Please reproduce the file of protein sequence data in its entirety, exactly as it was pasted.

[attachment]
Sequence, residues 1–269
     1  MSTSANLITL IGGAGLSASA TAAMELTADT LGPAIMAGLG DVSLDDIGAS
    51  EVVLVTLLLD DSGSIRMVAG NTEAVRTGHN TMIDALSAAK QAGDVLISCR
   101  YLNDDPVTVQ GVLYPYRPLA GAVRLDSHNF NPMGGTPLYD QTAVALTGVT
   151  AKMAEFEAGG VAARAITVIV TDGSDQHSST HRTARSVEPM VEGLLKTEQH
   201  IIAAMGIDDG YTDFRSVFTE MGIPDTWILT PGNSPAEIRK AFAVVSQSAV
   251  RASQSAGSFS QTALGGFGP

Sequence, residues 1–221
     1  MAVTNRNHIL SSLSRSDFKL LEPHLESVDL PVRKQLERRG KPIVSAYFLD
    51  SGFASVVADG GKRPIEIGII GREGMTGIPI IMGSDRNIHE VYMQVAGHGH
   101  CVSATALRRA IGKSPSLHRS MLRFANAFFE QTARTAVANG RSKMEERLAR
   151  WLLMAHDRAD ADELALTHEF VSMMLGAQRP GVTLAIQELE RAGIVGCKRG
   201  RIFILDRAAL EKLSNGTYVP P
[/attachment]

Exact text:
Sequence, residues 1–269
     1  MSTSANLITL IGGAGLSASA TAAMELTADT LGPAIMAGLG DVSLDDIGAS
    51  EVVLVTLLLD DSGSIRMVAG NTEAVRTGHN TMIDALSAAK QAGDVLISCR
   101  YLNDDPVTVQ GVLYPYRPLA GAVRLDSHNF NPMGGTPLYD QTAVALTGVT
   151  AKMAEFEAGG VAARAITVIV TDGSDQHSST HRTARSVEPM VEGLLKTEQH
   201  IIAAMGIDDG YTDFRSVFTE MGIPDTWILT PGNSPAEIRK AFAVVSQSAV
   251  RASQSAGSFS QTALGGFGP

Sequence, residues 1–221
     1  MAVTNRNHIL SSLSRSDFKL LEPHLESVDL PVRKQLERRG KPIVSAYFLD
    51  SGFASVVADG GKRPIEIGII GREGMTGIPI IMGSDRNIHE VYMQVAGHGH
   101  CVSATALRRA IGKSPSLHRS MLRFANAFFE QTARTAVANG RSKMEERLAR
   151  WLLMAHDRAD ADELALTHEF VSMMLGAQRP GVTLAIQELE RAGIVGCKRG
   201  RIFILDRAAL EKLSNGTYVP P